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UK Commercial Property Debt Continues to Drop

A recent UK property lending survey has revealed that the amount of debt held against UK commercial property has continued to drop over the last year from £228.1bn to £212.3bn, a drop of 6.8%.

The UK Commercial Property Lending Market report by De Montfort University, the largest of its kind to look at UK commercial property lending, found that while the overall debt that is  held against UK commercial property continued to fall last year from £228.1bn to £212.3bn, a drop of 6.8%, the UK’s largest property lending survey has today revealed that the level of debt is on a downward trajectory and progress has been made in dealing with the distressed legacy debt, there is a long way to go.

Between £72.5bn and £100bn will struggle to be refinanced on current market terms when the debt matures as it has an LTV of over 70%.

The survey of 72 lending teams from 63 banks and other lending organisations found that, while 2011 started with a degree of optimism for the commercial property lending market, including the first CMBS issue since 2007, this changed dramatically during the second half of the year as the crisis surrounding the Eurozone and the sovereign debt of member states brought “extremely tough times” to the economy.

Although progress has been made in addressing the legacy situation, banks still face a significant overhang of pre-recession property debt held on their balance sheets, with approximately £51bn due to mature during 2012 and a total of £153bn – 72% of outstanding debt – by year-end 2016.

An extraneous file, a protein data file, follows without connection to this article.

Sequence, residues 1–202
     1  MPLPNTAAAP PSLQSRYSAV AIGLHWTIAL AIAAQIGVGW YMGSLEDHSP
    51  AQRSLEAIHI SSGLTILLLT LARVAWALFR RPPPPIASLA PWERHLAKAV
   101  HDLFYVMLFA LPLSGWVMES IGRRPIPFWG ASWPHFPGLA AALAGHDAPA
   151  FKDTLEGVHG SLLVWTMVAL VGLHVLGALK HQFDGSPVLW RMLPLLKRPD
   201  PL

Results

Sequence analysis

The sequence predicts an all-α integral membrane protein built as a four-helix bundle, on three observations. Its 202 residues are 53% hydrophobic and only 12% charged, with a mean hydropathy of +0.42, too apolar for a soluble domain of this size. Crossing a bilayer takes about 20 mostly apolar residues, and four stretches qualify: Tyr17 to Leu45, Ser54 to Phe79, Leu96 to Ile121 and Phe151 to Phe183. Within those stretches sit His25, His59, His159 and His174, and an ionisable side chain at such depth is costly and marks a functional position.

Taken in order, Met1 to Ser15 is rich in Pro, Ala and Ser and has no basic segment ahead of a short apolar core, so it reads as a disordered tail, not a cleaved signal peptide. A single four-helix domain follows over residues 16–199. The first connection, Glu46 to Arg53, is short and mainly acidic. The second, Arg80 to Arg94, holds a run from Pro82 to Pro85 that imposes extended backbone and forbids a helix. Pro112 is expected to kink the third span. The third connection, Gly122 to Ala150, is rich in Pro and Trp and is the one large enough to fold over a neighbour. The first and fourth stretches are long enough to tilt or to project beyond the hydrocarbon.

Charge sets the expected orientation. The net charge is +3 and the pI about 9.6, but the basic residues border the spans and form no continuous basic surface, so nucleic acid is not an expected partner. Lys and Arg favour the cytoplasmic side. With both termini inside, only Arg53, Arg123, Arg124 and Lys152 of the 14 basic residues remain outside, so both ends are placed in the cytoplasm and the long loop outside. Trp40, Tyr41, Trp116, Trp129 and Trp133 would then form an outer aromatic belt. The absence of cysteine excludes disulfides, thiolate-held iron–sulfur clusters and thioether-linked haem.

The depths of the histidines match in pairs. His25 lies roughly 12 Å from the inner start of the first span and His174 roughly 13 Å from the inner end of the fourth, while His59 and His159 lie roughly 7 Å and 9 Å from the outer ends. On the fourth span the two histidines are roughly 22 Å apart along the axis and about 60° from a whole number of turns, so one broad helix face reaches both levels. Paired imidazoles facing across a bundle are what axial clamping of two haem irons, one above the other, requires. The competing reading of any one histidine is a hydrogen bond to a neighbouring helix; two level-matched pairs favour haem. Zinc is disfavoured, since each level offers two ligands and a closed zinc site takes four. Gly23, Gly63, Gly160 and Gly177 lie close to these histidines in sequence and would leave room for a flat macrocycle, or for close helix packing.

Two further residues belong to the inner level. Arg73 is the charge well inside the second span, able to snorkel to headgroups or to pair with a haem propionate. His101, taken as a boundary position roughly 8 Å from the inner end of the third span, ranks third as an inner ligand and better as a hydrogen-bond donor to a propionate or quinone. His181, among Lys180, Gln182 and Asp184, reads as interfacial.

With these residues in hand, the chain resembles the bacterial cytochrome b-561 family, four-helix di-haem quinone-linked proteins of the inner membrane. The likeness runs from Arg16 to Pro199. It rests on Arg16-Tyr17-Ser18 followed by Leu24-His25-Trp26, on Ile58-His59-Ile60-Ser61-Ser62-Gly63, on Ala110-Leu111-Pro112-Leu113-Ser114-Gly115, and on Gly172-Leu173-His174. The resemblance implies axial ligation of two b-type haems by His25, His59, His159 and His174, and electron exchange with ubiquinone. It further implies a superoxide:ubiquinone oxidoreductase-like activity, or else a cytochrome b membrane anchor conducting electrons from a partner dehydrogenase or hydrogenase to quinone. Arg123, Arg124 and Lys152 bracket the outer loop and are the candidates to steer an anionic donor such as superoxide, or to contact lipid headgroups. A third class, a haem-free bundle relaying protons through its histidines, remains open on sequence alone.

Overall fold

Bright spots in the report show loan originations on the increase and new lenders to the market increasing their market share to 8%.

But the survey also showed a continuing draining away of development finance. Of concern for property developers is that, for the first time, no lending organisation said it would be prepared to lend against a speculative office development.

Respondents also expressed concerns about how the Financial Services Authority planned to implement ‘slotting’, which would introduce additional regulatory capital requirements to real estate lending, suggesting the consequences of the changes would be to reduce the volume and increase the cost of business.

Bill Maxted, author of the report, said:

“At the end of 2011, lending organisations were reporting that the Eurozone crisis had created instability in the money markets leading to rising costs, with many banks managing their capital based on a worst case scenario both in the Eurozone and the UK.

“The debt crisis is regarded as a real threat to asset values in the UK, and globally, and is a problem that has to be solved before national economies and lending markets can start to improve.”